Tactical tweaks make for intriguing game on rugby’s return to action
More effective mauling, decoy moves among the backs and mid-air acrobatics to keep the ball in play led to a refreshing Premiership restart
Jackallers were able to influence games but some referees were less stringent on technique
Mauling is a potent weapon again
Of the 29 tries scored across six matches this weekend, 14 came within two phases of a driving maul. Nine pushover tries, helped by big penalty counts, punctuated the round.
Two further five-pointers scored by Exeter Chiefs, both instigated by Luke Cowan-Dickie’s quick taps, arrived after their line-out had squeezed close-range penalties out of Leicester Tigers.
Bath’s mauling looked particularly powerful, yielding three tries. A recent refereeing directive has decreed that dummy jumpers should always move to the outside of the line-out rather than filling the tunnel between the teams.
Usually beginning in a “six-plusone” set-up, with Sam Underhill at scrum-half, Bath use this to load up their maul formation as quickly as possible.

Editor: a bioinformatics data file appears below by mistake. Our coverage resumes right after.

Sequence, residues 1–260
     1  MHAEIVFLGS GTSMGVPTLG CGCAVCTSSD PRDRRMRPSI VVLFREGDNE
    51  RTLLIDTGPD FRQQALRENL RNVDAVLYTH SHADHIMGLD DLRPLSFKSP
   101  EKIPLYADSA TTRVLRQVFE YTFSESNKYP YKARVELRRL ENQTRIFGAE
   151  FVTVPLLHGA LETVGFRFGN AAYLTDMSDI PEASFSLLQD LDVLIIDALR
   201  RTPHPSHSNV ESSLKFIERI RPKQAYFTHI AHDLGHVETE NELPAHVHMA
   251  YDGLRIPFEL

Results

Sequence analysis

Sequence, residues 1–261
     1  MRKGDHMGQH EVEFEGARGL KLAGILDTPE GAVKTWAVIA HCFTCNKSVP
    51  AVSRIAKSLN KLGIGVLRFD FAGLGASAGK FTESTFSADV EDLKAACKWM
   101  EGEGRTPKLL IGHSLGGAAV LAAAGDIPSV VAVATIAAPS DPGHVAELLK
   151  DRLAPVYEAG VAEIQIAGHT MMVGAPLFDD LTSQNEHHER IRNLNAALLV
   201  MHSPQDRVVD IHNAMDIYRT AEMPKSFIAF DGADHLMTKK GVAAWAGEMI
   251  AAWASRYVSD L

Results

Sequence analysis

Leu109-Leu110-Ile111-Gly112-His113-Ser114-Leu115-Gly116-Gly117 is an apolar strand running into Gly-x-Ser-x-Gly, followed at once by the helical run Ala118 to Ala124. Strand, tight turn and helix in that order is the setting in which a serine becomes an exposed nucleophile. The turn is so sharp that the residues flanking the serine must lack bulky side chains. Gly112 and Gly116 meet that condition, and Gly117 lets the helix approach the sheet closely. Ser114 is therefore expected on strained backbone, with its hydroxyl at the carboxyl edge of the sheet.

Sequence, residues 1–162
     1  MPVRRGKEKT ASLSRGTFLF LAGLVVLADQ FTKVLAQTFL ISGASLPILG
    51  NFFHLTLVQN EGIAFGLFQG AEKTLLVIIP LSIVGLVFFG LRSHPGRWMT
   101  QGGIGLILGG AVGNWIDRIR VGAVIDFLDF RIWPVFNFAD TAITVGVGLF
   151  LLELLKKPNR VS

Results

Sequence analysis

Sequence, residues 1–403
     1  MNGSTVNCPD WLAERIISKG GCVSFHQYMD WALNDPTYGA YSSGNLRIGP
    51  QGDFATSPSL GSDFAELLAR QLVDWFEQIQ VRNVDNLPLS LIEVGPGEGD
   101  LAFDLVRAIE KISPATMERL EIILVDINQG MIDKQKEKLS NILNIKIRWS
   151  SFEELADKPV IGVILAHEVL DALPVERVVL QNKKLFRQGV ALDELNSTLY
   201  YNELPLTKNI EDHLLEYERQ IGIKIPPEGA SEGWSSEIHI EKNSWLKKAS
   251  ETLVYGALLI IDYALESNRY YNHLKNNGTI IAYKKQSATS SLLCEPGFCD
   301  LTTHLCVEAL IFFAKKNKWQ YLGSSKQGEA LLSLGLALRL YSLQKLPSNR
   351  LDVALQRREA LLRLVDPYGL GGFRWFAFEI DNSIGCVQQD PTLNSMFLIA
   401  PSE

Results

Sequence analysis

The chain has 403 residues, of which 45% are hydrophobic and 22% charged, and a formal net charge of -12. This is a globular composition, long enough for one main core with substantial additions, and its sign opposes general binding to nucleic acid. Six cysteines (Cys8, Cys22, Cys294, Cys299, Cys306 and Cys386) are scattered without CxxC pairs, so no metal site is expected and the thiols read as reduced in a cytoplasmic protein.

A short throw from Bristol Bears caught Saracens off guard and led to a penalty try – one of three in round 14, all of which brought yellow cards to defending players – that decided matters at Ashton Gate.
Worcester registered a consolation against Gloucester with a trendy faux-drive. Sam Lewis, initially in the same role Underhill adopts for Bath, spun away from the pack and fed scrum-half Francois Hougaard, who slipped a pass inside to blindside wing Scott van Breda.
It was no coincidence that Harlequins, no doubt steeled by new line-out coach Jerry Flannery, won on Friday night after stunting Sale Sharks’ maul and scoring a pushover of their own.
When done well, the first-phase strike moves we have seen deployed are difficult to contain
Innovator: Gloucester’s Danny Cipriani set up a try with an intelligent cross-field chip